Midnight Oil frontman Peter Garrett has long been active in elective politics in Australia, and like any good politician, he knows that sometimes the most important thing is to get your message out to the masses, even it means speaking with a bit less force than might be your custom. While the hard edges and challenging angles of 10, 9, 8, 7, 6, 5, 4, 3, 2, 1 and Red Sails in the Sunset made Midnight Oil bona fide superstars in Australia, they were little more than a rumor in most of the rest of the world, and for their sixth album, Diesel and Dust, Midnight Oil made some changes in their approach. On Diesel and Dust, there's less in the way of bruising hard rock like "Best of Both Worlds," nothing as eccentric as "Outside World," and very little as esoterically regional as "Jimmy Sharman's Boxers," while the production favors the tuneful side of the band's songwriting (which, truth to tell, was always there) and buffs away some of the group's harsher edges. As a result, Diesel and Dust isn't an album for hardcore Oils fans, but as a bid for a larger audience, it was both shrewd and well executed -- it was the group's first real worldwide success, going platinum in America and spawning a massive hit single, "Beds Are Burning." While the album lacks the kick-in-the-head impact of their earlier work, Diesel and Dust also makes clear that the bandmembers could apply their intelligence and passion to less aggressive material and still come up with forceful, compelling music, as on the haunting "The Dead Heart" and the poppy but emphatic "Dreamworld." And as always, there was no compromise in the band's forceful political stance -- most of the album's songs deal openly with the issues of Aboriginal rights (hardly an issue pertinent only to Australians), and one of Midnight Oil's greatest victories may well be writing a song explicitly demanding reparations for indigenous peoples, and seeing it top the charts around the world. And the closer, "Sometimes," may be the finest and most moving anthem the band ever wrote ("Sometimes you're beaten to the core/Sometimes you're taken to the wall/But you don't give in"). Diesel and Dust is that rarity, a bid for the larger audience that's also an artistic success and a triumph for leftist politics -- even the Clash never managed that hat trick this well.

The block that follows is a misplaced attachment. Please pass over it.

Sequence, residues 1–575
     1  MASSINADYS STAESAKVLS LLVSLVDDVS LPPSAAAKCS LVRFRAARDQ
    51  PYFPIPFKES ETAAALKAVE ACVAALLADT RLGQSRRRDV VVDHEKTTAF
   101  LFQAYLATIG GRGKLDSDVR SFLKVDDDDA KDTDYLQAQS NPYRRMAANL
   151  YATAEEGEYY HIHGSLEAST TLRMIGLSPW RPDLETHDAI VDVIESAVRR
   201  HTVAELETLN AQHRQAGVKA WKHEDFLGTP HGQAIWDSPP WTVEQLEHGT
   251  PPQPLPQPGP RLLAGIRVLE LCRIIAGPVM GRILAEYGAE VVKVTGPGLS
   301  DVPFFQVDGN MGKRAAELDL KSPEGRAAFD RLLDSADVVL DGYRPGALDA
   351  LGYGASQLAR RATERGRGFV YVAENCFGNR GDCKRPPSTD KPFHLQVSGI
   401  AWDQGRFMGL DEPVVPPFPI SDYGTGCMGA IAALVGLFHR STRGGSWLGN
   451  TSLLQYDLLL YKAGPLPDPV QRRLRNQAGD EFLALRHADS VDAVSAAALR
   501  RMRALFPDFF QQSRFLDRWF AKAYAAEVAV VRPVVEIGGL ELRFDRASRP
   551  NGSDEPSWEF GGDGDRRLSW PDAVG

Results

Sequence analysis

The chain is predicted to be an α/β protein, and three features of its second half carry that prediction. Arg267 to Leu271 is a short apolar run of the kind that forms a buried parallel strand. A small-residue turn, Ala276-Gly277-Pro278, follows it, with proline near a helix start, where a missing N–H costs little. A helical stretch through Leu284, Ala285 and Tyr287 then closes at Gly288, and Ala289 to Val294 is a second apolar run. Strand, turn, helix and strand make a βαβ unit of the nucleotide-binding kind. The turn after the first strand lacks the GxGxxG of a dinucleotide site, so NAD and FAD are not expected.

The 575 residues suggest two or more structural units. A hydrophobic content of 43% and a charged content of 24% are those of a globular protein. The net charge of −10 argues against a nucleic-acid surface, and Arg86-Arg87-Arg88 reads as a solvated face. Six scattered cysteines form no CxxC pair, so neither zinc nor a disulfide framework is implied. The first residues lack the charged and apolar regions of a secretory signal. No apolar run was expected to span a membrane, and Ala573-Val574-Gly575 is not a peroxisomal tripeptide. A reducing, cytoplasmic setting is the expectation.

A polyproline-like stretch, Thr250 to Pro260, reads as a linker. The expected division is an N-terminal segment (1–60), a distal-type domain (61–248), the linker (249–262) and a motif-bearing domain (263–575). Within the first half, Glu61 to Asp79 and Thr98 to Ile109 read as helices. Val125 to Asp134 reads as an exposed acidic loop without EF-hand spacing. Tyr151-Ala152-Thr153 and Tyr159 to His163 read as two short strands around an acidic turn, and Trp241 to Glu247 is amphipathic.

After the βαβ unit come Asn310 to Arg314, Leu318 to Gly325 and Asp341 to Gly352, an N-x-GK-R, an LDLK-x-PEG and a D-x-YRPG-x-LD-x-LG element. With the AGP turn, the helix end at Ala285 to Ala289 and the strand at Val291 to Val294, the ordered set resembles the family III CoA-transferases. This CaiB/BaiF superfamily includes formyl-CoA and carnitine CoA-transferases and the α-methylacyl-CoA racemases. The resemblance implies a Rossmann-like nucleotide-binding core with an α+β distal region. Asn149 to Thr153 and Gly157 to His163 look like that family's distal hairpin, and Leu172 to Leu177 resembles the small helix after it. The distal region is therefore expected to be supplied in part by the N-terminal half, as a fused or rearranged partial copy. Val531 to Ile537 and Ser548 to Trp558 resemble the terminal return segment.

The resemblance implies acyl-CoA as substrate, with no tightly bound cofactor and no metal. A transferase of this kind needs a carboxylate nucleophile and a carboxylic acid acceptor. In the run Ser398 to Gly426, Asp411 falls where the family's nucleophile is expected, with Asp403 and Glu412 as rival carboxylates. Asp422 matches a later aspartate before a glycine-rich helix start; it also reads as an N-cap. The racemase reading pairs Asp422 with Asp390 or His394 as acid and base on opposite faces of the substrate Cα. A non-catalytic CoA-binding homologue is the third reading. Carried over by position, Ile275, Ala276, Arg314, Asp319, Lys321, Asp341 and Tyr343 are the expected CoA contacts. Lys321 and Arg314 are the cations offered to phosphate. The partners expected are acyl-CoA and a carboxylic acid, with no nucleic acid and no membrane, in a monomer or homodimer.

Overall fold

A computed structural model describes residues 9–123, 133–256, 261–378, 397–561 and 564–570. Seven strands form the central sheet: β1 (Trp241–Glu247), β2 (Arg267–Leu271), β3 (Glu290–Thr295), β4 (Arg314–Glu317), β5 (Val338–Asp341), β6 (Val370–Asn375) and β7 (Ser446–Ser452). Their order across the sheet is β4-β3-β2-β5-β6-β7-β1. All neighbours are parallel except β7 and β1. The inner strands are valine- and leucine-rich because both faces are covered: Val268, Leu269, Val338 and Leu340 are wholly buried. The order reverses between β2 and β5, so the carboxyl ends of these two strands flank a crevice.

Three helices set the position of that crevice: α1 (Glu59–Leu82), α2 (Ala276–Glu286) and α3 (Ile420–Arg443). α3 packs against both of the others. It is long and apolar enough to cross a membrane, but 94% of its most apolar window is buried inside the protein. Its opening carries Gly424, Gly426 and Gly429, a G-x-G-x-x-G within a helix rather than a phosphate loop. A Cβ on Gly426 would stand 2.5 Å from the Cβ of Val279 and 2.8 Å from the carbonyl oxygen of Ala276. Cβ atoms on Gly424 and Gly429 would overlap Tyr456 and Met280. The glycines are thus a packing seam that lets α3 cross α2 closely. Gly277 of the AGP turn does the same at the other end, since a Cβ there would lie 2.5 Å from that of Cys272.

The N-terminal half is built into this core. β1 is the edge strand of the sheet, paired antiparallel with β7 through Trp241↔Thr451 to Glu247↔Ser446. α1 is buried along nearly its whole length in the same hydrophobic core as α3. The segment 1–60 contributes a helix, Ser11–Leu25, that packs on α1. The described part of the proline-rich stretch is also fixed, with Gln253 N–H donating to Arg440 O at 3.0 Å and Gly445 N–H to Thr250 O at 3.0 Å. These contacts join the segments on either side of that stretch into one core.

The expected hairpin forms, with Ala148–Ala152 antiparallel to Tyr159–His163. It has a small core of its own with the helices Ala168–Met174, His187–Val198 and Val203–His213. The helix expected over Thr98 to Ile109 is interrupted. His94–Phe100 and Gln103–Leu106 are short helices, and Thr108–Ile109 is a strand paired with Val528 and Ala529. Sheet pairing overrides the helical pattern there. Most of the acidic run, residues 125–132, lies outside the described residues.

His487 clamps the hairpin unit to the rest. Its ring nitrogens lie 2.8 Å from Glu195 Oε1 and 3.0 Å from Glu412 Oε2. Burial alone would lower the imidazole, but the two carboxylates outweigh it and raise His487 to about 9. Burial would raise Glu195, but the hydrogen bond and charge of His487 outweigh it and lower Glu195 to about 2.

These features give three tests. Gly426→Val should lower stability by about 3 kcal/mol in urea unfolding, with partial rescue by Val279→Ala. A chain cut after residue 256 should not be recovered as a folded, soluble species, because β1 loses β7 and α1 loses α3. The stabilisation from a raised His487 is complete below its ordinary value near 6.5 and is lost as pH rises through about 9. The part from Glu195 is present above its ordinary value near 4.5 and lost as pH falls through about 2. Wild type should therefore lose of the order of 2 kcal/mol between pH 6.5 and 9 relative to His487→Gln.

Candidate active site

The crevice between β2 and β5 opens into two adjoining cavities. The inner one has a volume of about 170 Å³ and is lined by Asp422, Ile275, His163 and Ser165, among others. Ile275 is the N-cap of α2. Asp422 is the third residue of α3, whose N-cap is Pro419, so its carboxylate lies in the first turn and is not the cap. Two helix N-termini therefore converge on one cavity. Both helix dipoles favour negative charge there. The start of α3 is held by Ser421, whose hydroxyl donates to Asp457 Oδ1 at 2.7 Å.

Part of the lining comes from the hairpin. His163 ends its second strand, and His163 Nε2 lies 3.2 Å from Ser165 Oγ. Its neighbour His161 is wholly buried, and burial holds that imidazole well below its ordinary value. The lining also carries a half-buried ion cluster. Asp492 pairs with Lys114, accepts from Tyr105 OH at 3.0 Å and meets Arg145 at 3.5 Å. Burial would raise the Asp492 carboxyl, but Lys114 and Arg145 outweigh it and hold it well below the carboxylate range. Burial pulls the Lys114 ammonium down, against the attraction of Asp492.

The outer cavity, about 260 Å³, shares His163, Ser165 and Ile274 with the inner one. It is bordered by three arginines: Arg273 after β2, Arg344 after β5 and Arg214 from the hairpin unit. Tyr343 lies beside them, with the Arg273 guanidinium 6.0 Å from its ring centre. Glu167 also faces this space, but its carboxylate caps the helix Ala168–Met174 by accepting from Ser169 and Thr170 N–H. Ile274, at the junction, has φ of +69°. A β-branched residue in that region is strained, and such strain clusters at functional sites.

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AllMusic Review by Mark Deming